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Priscilla Mathewson, James Hodson, Stephanie L Watson, Geraint P Williams, Saaeha Rauz, ; An International Ocular Surface Disease Scoring System (OSDISS): Defining Activity and Damage by A Delphi Consultation. Invest. Ophthalmol. Vis. Sci. 2014;55(13):1460.
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© ARVO (1962-2015); The Authors (2016-present)
Unifying terminology to stage disease is vital for standardising descriptions of patients in a clinical setting, determining treatment response, and ensuring robust outcomes for collaborative clinical research. Such indices are defined as manifestations that represent (i) activity: reversible resulting directly from the inflammatory process or (ii) damage: persistent (> 6 months duration) changes in anatomy, physiology, pathology or function which result from previously active disease where changes are cumulative and irreversible. The purpose of this study was to obtain consensus on a set of core domains for ocular surface disease (OSD) and measures for the assessment of disease activity and damage thereby defining the initial steps towards developing an agreed OSDISS.
An anonymized online questionnaire was distributed to an international group of OSD specialists and advisory groups in uveitis and oculoplastics. Recipients were asked to rank 76 agreed indices over 5 domains: eyelids, tear-film, conjunctiva, cornea and sclera/anterior chamber (AC) in the context of considering 8 named common/important OSDs. Indices where >75% of responses were ranked as either useful/very useful or not useful/moderately useful were included or excluded, respectively. Equivocal responses were electronically and anonymously arbitrated by a pre-determined OSD Expert Group (20 experts). Activity/damage and tools to measure each included parameter, were considered in a final round of voting.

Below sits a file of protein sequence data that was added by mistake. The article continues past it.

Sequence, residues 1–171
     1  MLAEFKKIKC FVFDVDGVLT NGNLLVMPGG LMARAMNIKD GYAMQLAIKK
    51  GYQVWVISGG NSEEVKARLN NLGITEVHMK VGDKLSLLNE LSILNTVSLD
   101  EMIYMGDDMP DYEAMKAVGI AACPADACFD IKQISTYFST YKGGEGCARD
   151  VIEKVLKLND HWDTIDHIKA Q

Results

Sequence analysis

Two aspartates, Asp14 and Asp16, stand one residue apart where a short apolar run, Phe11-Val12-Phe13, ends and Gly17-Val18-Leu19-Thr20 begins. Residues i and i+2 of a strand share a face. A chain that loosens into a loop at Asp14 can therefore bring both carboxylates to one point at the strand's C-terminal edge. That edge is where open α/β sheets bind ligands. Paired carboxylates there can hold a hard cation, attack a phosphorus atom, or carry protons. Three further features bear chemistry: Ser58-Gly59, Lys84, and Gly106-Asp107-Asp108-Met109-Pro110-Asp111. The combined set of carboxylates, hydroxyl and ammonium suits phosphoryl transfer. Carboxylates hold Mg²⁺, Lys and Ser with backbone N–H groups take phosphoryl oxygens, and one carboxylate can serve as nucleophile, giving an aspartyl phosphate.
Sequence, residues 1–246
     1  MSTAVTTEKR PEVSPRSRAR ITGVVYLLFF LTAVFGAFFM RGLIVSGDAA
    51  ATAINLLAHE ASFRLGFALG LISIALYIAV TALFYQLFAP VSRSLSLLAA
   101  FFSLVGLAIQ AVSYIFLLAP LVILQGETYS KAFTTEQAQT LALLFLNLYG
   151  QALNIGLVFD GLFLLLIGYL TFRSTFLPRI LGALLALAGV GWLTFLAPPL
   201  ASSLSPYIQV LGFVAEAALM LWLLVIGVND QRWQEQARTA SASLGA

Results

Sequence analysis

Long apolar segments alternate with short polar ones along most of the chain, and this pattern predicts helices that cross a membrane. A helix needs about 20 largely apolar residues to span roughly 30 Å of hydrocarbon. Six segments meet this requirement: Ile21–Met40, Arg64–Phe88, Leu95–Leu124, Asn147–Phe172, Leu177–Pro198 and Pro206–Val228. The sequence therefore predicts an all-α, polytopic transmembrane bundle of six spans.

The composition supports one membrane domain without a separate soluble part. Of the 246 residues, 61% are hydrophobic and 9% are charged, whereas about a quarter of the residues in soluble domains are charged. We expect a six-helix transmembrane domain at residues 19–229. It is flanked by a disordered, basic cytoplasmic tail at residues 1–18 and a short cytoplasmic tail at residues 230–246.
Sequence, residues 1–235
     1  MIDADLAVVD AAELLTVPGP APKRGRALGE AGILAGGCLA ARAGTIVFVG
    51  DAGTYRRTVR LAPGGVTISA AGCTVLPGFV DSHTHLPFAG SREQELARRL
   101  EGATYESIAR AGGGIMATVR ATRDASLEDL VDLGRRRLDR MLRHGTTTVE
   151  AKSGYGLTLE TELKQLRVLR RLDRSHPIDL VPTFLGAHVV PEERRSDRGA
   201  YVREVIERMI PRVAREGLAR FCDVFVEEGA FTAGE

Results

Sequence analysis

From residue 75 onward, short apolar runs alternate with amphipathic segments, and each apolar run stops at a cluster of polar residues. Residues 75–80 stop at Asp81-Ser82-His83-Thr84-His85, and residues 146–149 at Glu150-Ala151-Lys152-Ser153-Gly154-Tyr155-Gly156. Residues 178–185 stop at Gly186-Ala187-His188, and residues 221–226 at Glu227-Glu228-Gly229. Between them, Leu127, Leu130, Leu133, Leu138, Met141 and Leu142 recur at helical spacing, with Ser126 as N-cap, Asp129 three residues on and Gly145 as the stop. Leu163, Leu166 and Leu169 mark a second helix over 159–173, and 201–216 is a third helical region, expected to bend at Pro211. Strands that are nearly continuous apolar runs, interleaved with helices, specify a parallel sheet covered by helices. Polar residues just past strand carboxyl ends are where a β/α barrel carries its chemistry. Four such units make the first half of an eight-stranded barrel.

53 experts (40 OSD, 8 uveitis, 5 oculoplastics) from 8 countries took part in the consensus exercise. 75% agreement was achieved for 52/76 parameters with a further 14 equivocal indices and 1 novel scale included after arbitration. All remaining equivocal indices formed ‘2nd tier’ assessment. Similarly, 22 grading tools were included by vote. The final list of indices (tools) comprised 21(3) eyelid, 3(4) tear-film, 17(3) conjunctiva, 15(10) cornea and 11(2) sclera/AC. Of these14 were considered as measures of clinical activity, 24 as damage and 51 as measures of both activity and damage.
This is the first internationally agreed consensus of putative descriptors of OSD and discriminating measures of activity and damage. The consensus affords a platform for the development of scoring systems relevant to OSD and validation in defined patient cohorts.
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